The new Serbian Law on Public Procurement came into effect on 1 April 2013, replacing the former legislation enacted in 2008. The legislative overhaul is part of the wider fight against corruption and strengthening of state finances, acknowledging that the added costs of non-competitive tenders may run to hundreds of millions of Euro. Efficiency, cost-effectiveness, competition, transparency, equality and environmental protection are the stated principles that should govern all public procurement procedures.
The number of exemptions has been reduced in the new legislation. Public procurement funded from foreign credits granted by international organizations and international financial institutions is still excluded from its scope. In addition, special provisions apply to public procurement in the areas of water management, energy, transport and postal services.
Part of the new law is dedicated to prevention of corruption. It explicitly requires the Public Procurement Office to draft a plan for combating corruption in public procurement procedures, and contracting authorities with an estimated annual value of public procurement in excess of one billion dinars (ca. 8,950,000 Euro) to adopt an internal plan for preventing corruption. In addition to stringent record-keeping requirements, contracting authorities must also devise clear rules governing the planning, execution, control and monitoring of public procurement procedures. The new legislation includes specific provisions on conflicts of interest and a duty to report corruption. Whistleblower protection is introduced in the form of a right to indemnification for individuals who are sanctioned (e.g. dismissed) as a result of reporting a violation.
The law introduces some new measures, such as the monitoring of public procurement over RSD 1 billion dinars (ca. 8,950,000 Euro) by “civil supervisors”, who are either experts in the domain of public procurement or associations dealing with the prevention of corruption or conflicts of interests. The law also sets out in detail the rules for public procurement of standardized goods and services (done solely by electronic means using the open procedure), as well as for electronic auctions. It also introduces a “competitive dialogue” procedure, applicable in cases where the subject matter of the procurement is of such complexity (e.g. in light of its technical specifications or legal or economic structure) that the contract cannot be awarded through regular procedures.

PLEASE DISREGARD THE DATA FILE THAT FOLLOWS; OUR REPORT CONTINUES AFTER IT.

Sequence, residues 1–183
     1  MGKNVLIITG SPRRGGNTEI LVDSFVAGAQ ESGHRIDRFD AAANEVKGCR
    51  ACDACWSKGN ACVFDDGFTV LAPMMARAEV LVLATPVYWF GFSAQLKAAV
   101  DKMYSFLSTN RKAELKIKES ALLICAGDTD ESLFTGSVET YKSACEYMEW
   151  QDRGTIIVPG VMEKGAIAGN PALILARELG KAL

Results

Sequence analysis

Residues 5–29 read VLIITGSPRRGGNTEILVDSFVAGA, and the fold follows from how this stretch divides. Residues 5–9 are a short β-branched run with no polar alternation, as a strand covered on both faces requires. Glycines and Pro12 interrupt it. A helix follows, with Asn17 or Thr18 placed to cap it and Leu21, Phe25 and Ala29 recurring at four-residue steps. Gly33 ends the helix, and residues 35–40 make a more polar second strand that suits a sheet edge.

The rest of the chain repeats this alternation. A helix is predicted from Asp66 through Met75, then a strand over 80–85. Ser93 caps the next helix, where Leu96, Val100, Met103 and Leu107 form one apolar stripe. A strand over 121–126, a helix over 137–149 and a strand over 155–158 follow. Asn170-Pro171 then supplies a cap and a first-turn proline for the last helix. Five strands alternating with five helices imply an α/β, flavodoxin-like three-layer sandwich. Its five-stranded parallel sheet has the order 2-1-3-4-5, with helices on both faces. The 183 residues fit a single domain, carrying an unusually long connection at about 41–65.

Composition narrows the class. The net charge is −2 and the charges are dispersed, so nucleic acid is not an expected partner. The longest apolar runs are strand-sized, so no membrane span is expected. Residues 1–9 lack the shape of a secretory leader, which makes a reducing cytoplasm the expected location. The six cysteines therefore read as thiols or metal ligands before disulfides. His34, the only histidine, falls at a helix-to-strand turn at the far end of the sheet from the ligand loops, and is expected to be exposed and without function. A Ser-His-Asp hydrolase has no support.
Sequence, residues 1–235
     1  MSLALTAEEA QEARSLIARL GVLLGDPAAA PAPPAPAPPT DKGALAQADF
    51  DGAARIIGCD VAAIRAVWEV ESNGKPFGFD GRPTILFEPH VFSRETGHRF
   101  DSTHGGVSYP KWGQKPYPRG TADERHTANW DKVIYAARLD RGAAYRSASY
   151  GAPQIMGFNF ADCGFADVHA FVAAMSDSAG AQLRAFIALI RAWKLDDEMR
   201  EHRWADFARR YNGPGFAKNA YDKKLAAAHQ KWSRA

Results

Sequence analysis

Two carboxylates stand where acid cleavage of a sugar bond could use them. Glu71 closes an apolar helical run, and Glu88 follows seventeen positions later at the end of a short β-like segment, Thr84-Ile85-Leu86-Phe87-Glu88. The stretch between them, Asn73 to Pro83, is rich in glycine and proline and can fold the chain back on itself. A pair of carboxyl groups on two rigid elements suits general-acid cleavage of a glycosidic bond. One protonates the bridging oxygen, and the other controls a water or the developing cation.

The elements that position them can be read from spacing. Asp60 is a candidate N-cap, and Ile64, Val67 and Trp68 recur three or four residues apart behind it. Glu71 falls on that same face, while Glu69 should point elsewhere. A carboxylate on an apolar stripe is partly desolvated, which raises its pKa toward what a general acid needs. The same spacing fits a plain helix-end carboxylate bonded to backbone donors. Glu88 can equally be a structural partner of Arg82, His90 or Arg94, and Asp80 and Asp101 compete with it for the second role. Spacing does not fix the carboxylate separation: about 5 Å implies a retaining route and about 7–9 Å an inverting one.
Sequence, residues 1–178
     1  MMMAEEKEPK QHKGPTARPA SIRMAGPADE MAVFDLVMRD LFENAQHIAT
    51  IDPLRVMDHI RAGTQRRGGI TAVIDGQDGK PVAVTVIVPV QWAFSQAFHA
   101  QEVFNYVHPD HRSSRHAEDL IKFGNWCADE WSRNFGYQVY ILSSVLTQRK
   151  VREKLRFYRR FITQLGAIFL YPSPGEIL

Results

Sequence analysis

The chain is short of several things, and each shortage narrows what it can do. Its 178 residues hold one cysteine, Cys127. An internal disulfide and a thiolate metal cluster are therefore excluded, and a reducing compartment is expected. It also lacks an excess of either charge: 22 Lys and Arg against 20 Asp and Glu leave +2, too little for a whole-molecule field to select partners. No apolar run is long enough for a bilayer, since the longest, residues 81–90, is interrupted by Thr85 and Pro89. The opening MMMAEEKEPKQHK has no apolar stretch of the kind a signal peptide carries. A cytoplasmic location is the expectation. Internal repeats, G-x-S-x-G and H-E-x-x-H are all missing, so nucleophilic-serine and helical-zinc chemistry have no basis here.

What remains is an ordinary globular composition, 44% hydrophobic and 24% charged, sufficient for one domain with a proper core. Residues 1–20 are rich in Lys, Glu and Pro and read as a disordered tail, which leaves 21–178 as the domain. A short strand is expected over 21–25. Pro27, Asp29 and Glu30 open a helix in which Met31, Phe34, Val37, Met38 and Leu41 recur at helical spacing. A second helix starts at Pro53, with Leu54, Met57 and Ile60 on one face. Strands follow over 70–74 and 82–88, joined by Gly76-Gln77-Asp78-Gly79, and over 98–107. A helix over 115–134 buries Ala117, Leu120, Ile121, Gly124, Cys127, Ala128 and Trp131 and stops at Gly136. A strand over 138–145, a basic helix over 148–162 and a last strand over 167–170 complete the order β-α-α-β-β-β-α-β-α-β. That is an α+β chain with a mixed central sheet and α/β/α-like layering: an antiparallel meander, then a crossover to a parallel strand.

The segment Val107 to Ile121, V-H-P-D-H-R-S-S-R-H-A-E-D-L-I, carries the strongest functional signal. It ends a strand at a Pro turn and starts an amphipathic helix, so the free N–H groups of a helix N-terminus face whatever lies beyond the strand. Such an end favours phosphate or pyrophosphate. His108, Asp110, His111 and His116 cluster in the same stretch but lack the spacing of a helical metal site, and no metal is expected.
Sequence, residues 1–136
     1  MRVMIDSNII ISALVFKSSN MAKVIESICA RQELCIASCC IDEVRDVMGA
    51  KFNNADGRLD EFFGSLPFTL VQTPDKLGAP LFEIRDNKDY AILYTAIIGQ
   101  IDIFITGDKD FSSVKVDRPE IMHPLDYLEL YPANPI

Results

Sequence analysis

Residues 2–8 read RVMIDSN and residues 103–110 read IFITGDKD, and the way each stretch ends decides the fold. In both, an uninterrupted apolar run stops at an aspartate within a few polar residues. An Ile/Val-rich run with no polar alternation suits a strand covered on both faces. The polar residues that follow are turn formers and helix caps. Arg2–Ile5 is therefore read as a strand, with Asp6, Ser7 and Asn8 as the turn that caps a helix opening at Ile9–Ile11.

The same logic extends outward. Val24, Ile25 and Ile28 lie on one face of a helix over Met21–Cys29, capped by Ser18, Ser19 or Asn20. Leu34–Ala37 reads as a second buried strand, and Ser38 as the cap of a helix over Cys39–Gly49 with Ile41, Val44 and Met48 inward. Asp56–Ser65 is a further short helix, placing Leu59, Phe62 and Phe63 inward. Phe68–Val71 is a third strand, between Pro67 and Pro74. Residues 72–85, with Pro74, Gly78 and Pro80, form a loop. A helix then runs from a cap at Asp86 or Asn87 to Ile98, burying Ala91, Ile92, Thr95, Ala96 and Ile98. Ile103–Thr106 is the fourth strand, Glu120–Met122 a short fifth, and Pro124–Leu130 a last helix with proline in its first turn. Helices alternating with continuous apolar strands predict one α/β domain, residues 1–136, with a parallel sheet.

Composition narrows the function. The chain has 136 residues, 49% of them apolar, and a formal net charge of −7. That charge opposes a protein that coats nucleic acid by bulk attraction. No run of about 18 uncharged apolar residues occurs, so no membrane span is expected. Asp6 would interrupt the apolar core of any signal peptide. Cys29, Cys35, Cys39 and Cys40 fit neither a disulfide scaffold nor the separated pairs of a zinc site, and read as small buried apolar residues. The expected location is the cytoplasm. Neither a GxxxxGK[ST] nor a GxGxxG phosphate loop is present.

The new legislation includes refinements of the many requirements applying at various stages of the public procurement procedure: notice, invitation and publication, tender documents, public procurement value, technical specifications, eligibility criteria, bidding process and awarding of contracts. Domestic bidders are still advantaged over foreign bidders, as are goods of domestic origin, subject however to the provisions of the Central Europe Free Trade Agreement and the Stabilization and Association Agreement (for EU bidders).
In terms of sanctions, non-compliance may lead to the imposition of fines, though it remains to be determined whether they are high enough to constitute a real deterrent. Contracting authorities may be fined up to RSD1,000,000 (ca. 8,950 Euro) for breaching procedural or technical obligations (e.g. record-keeping, publication). For more serious violations, such as failure to follow public procurement procedures when no exemption exists or accepting bids of interested persons, fines may go up to RSD 1,500,000 (ca. 13,400 Euro). Bidders who provide inaccurate or false information, hire undisclosed sub-contractors or act as an interested person, for example, can be fined up to RSD1,000,000 (ca. 8,950 Euro). Individuals (physical persons) acting for a contracting authority or bidder may also be fined a more modest sum.
Strengthening institutional capacity with adequate resources (financial/human) and technical capabilities will be critical to the successful implementation of the law, especially considering the broad mandate given to some bodies. The Public Procurement Office is tasked with monitoring the application of the law and the conduct of public procurement, providing assistance to contracting authorities and bidders, running the Public Procurement Portal and proposing measures to improve the public procurement system. The Republic Commission for the Protection of Rights in Public Procurement Procedures is responsible for ensuring the protection of rights in public procurement procedures and conducting minor offence proceedings. Harmonization of work between these institutions and others who have an implementing role will be important.
The new law on public procurement is one of the government’s important achievements in setting up a framework to prevent and fight corruption. In Transparency International’s latest Corruption Perception Index (CPI 2012), Serbia had marginally improved its standing, and stood at 80th overall, a score still denoting pervasive corruption problems. The hopes are high that the resources invested in the implementation of the new law to support its objectives will improve the situation.